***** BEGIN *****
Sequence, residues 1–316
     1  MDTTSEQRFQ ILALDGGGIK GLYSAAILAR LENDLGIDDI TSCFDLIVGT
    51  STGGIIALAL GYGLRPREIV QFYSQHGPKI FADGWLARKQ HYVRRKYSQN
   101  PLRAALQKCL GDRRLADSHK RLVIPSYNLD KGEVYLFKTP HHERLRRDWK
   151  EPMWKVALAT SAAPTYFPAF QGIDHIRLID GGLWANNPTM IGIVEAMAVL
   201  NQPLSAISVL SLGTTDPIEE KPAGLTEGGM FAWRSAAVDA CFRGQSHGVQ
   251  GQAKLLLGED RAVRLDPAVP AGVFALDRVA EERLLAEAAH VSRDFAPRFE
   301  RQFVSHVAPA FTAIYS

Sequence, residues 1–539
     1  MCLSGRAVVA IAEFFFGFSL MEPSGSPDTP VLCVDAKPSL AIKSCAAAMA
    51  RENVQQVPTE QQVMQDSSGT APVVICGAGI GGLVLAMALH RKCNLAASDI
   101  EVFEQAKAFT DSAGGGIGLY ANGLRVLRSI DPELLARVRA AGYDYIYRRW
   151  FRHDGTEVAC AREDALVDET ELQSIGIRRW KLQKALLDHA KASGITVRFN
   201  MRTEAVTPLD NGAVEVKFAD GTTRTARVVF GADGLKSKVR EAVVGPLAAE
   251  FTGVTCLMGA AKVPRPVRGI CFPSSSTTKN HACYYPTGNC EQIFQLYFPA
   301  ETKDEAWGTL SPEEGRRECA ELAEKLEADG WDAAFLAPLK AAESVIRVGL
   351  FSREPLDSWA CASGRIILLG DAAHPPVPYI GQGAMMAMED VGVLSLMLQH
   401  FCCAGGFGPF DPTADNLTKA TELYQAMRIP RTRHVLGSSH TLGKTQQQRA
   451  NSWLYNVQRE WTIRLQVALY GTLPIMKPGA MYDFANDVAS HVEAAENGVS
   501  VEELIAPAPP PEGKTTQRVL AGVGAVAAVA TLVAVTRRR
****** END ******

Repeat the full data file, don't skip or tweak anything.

Sequence, residues 1–316
     1  MDTTSEQRFQ ILALDGGGIK GLYSAAILAR LENDLGIDDI TSCFDLIVGT
    51  STGGIIALAL GYGLRPREIV QFYSQHGPKI FADGWLARKQ HYVRRKYSQN
   101  PLRAALQKCL GDRRLADSHK RLVIPSYNLD KGEVYLFKTP HHERLRRDWK
   151  EPMWKVALAT SAAPTYFPAF QGIDHIRLID GGLWANNPTM IGIVEAMAVL
   201  NQPLSAISVL SLGTTDPIEE KPAGLTEGGM FAWRSAAVDA CFRGQSHGVQ
   251  GQAKLLLGED RAVRLDPAVP AGVFALDRVA EERLLAEAAH VSRDFAPRFE
   301  RQFVSHVAPA FTAIYS

Sequence, residues 1–539
     1  MCLSGRAVVA IAEFFFGFSL MEPSGSPDTP VLCVDAKPSL AIKSCAAAMA
    51  RENVQQVPTE QQVMQDSSGT APVVICGAGI GGLVLAMALH RKCNLAASDI
   101  EVFEQAKAFT DSAGGGIGLY ANGLRVLRSI DPELLARVRA AGYDYIYRRW
   151  FRHDGTEVAC AREDALVDET ELQSIGIRRW KLQKALLDHA KASGITVRFN
   201  MRTEAVTPLD NGAVEVKFAD GTTRTARVVF GADGLKSKVR EAVVGPLAAE
   251  FTGVTCLMGA AKVPRPVRGI CFPSSSTTKN HACYYPTGNC EQIFQLYFPA
   301  ETKDEAWGTL SPEEGRRECA ELAEKLEADG WDAAFLAPLK AAESVIRVGL
   351  FSREPLDSWA CASGRIILLG DAAHPPVPYI GQGAMMAMED VGVLSLMLQH
   401  FCCAGGFGPF DPTADNLTKA TELYQAMRIP RTRHVLGSSH TLGKTQQQRA
   451  NSWLYNVQRE WTIRLQVALY GTLPIMKPGA MYDFANDVAS HVEAAENGVS
   501  VEELIAPAPP PEGKTTQRVL AGVGAVAAVA TLVAVTRRR